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Let $a$ be a constant symbol, $P,Q, A, Io, C$ a predicate symbol, x a variable symbol. Given the following set of FOL (first order logic) formulae $KB$:

1)$\forall x \exists y \exists z P(x)\wedge A(y) \wedge A(z) \wedge Q(x,y,z)\Rightarrow Q(a,y,z)$

2)$\forall x \forall y \forall z P(x)\wedge A(y) \wedge A(z) \wedge Q(x,y,z)\Rightarrow Q(a,y,z)$

3)$\forall x Io(x)\Rightarrow C(x)$

Using resolution, determine a formula such that, simultaneously combined with the formulas (1) (2) (3), causes a contradiction in the KB.

I rewrote the formulas in the conjunctive normal form:

$\rceil P(x)\vee \rceil A(f(x))\vee \rceil A(g(x))\vee \rceil Q(x,f(x),g(x))\vee Q(a,f(x),g(x))$

$\rceil P(x)\vee \rceil A(y)\vee \rceil A(z)\vee \rceil Q(x,y,z)\vee Q(a,y,z)$

$\rceil Io(x)\vee C(x)$

where f and g are Skolem functions. Now I can not go forward...

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Observe that (under the assumption that the domain has two or more elements, otherwise 1) and 2) are trivially true), 1) is entailed by 2).

This suggests making 2) and 3) false, using a suitable disjunction. For example:

$$\left[Io(a) \land \neg C(a)\right] \lor \forall x\forall y\forall z\left[P(x) \land A(y) \land A(z) \land \neg Q(a,y,z) \land (x \ne a \implies Q(x,y,z))\right]$$


Edit: To apply resolution to the entire formula would be nightmarishly complicated. In fact, the whole procedure seems like it is only ever feasible when fed to a computer.

Therefore, I will discard my previous assumption that "pairing the contradictory formula with a proper subset of 1), 2), 3) does not give a contradiction". (It may not even have been an intended assumption by the problem designer.)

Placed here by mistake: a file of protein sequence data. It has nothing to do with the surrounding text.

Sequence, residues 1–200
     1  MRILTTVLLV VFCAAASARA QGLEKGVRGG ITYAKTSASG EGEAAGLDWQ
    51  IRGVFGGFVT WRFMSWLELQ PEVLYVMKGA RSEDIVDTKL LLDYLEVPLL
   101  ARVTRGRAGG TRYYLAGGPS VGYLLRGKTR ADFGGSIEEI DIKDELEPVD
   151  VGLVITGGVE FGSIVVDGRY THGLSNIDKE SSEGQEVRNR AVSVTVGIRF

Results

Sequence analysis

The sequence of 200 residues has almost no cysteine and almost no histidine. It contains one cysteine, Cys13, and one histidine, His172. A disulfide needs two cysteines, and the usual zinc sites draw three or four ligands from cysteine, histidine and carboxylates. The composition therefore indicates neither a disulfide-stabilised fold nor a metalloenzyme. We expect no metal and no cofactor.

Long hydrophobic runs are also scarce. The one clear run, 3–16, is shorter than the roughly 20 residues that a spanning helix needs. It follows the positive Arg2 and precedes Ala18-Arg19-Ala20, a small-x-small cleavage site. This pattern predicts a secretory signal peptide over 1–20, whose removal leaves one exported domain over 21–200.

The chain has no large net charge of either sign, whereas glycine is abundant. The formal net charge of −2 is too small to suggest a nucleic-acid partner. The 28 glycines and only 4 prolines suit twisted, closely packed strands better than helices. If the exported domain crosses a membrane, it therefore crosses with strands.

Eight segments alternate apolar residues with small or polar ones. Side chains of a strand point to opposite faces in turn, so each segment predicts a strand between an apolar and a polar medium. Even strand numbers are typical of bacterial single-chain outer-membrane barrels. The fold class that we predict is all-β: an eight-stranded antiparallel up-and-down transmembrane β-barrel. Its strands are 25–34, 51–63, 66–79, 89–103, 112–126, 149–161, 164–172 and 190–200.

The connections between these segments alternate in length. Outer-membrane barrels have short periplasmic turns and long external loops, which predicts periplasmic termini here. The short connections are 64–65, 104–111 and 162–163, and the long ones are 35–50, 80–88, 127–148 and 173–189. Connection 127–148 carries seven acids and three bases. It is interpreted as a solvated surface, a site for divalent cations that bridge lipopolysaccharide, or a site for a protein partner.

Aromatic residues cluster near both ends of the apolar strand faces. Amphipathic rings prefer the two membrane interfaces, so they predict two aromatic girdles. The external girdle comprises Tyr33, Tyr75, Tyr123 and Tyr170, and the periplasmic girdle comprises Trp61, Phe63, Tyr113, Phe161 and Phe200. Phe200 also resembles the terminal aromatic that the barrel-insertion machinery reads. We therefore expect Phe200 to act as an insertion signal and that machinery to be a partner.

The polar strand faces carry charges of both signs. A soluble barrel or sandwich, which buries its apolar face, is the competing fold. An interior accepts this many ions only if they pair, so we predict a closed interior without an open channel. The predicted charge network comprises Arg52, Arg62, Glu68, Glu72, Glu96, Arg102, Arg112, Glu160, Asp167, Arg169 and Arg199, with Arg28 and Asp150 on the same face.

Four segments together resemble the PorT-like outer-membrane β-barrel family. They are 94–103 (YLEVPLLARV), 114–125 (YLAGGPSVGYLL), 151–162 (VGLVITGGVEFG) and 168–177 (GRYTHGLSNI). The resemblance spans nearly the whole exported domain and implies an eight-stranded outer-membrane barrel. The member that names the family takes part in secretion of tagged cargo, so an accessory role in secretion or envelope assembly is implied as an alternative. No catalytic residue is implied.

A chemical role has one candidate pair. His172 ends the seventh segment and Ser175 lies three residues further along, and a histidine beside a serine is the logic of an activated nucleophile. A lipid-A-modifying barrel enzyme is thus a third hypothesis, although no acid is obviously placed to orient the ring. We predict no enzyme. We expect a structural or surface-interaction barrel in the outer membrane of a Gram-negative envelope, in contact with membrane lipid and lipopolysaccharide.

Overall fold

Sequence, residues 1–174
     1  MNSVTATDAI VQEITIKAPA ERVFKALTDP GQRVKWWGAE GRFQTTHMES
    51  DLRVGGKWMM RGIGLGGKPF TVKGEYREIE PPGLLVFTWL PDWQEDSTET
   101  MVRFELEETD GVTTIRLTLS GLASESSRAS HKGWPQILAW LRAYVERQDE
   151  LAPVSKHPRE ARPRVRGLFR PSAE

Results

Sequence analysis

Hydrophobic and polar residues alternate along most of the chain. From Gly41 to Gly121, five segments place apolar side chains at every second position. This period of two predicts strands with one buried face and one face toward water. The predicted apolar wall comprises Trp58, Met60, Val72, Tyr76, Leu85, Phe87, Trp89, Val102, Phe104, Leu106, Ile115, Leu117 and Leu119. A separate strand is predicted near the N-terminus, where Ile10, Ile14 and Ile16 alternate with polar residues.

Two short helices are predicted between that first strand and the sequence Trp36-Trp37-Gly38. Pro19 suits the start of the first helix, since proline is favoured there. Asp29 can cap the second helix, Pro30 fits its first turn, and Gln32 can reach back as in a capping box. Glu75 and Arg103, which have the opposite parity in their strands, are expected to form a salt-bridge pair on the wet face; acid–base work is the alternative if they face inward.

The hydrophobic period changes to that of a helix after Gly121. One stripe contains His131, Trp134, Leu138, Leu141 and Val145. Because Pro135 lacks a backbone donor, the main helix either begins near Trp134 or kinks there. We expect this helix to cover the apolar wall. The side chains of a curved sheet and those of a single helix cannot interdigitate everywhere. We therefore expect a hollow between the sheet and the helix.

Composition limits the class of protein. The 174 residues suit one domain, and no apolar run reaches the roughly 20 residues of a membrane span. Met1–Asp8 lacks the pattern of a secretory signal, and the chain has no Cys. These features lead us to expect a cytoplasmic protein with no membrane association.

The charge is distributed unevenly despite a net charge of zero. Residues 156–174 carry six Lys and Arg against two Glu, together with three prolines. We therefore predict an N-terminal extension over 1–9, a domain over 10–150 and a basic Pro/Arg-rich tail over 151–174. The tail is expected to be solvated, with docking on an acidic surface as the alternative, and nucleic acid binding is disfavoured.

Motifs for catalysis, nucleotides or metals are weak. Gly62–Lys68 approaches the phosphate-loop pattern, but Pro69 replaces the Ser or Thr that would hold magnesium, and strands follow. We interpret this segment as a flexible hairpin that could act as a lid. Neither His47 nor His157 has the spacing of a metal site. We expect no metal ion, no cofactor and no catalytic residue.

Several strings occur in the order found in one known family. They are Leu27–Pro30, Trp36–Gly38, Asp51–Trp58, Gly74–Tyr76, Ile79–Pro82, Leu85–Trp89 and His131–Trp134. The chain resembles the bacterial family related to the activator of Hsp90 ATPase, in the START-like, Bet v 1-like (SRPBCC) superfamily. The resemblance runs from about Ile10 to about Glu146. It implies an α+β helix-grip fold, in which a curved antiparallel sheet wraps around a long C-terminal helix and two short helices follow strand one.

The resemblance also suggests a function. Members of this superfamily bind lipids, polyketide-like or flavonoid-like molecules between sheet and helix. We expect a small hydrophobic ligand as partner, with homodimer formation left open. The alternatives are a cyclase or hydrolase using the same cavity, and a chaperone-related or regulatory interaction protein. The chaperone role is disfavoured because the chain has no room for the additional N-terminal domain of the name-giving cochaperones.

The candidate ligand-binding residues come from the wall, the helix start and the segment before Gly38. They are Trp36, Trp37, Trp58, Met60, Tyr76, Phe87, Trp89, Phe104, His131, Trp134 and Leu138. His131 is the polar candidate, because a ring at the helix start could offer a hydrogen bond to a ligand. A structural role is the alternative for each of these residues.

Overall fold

Concretely, we focus on adding an assumption making $\forall x(Io(x) \implies C(x))$ false. That is, we simply take $Io(a) \land \neg C(a)$ from our previous formula.

Following the resolution protocol, we recall the CNF form of our formula:

$$\neg Io(x) \lor C(x)$$

This, paired with our assumption, yields the following set of clauses:

$$S = \{ \neg Io(x) \lor C(x), Io(a), \neg C(a)\}$$

The necessary unifications amount to replacing $S$ by:

$$S' = \{\neg Io(a) \lor C(a), Io(a),\neg C(a)\}$$

Now we can get started with the actual resolution, which is now easy:

$$ \frac{\quad \neg Io(a) \lor C(a) \qquad Io(a) \quad}{C(a)}\qquad \frac{\quad C(a) \qquad \neg C(a)\quad}{} $$

Now the empty space under the latter bar signifies $\bigvee \varnothing$, the disjunction over zero statements. This is logically equivalent to $\bot$, i.e., a contradiction. We are done.

Now if we wanted to tackle the longer formula above, we would first have to bring it into CNF, which in itself is already tedious. Then we'd have to apply similar mechanical procedures to arrive at a contradiction.

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Thanks. This is "resolution": en.wikipedia.org/wiki/Resolution_(logic) –  Mark Sep 27 '13 at 12:12
    
Edited to include a resolution of the first disjunct in the proposed formula. –  Lord_Farin Sep 27 '13 at 12:36
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